Which gives 3-tiers to our taxable EFs.
--6-12mos in cash, checking, savings, mmkt, CDs, savings bonds,....
--1-5yrs in shorter-duration bond or stable value fund (last formal tier of our EFs, part of our AA).
--Remainder of our taxable retirement investments in longer duration bond and stock funds.


Above structure comes from this combination of different advice:
--It's simpler to track your EF separately (in the beginning).
--Retirees who report keeping 5yrs of livings expenses in safer bond or stable value funds, so they expect they'll never need to sell other taxable investments during a down market (assumes 4yr market recovery).
--Senior BHs who say "...when we have enough (as defined by us), then we don't need a dedicated EF as all of our investments become our EF."

Having enough. Keeping our EF separate in the beginning, and following above structure, the day will come (without our realizing it) when our separate EF morphs into being just a small cash component of our much larger total investments. When the day comes that our mental accounting changes, then we probably have "enough".

During retirement, it is from the cash component that we live. And with enough, the cash component will be refilled from distributions, pension, and SS. If not, then we must refill it by selling from our total investments.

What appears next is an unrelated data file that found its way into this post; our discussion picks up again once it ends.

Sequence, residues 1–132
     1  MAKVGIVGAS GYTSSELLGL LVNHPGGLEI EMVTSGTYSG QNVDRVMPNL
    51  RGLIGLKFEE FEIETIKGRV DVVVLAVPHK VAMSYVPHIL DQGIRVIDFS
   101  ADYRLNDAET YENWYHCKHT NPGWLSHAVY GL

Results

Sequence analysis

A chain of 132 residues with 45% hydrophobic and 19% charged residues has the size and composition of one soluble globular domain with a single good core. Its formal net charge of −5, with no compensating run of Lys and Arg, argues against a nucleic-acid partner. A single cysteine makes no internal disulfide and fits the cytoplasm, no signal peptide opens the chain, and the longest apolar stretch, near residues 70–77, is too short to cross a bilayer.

Disclosure.

Management simplicity. When the day came that I believed I was approaching "enough", I began to simplify my accounts in advance of mental decline in old age. I redeemed all my savings bonds, didn't allow CDs to rollover, and sold remaining individual stocks. I used the proceeds to fund my shorter-duration bond/stable value fund EF-tier. Life is simpler without those additional accounts to manage.

Increased tax efficiency. I now follow livesoft's advice* to increase tax efficiency by avoiding taxable income reported on Sch B part I---interest from checking, savings, CDs, new account opening bonuses, and chasing teaser rates. (* His extension to the Wiki topic on "principles of tax-efficient fund placement".)

Market return on the next dollar. After livesoft's advice sunk in, I stopped chasing teaser rates. As my excess new cash overflows into my taxable AA and is earning the market return (~7% before tax), then any teaser rate below that is not worth pursuing.

What about the lost opportunity cost on my first year of living expenses? It's no longer worth it to me to pursue this complication.
d.r.a, not dr.a. | I'm a novice investor, you are forewarned.

User avatar
TD2626
Posts: 528
Joined: Thu Mar 16, 2017 3:40 pm

Re: Emergency Fund Replenishment

Post by TD2626 » Sun Oct 29, 2017 1:47 am

Thanks to everyone for the thoughts and replies. Some reactions and ideas:
EHEngineer wrote:
Sat Oct 28, 2017 9:52 am
The emergency fund gets replenished from your earned income, not from rebalancing. It is easier to not include it in your retirement portfolio.

You are correct that if one's emergency fund is included in their retirement portfolio that it will/could affect the entire allocation.

Of course, if you are in retirement, then your entire portfolio IS your emergency fund. And you must have an allocation that allows you to feel OK about spending in the event of a surprise expense like a roof replacement.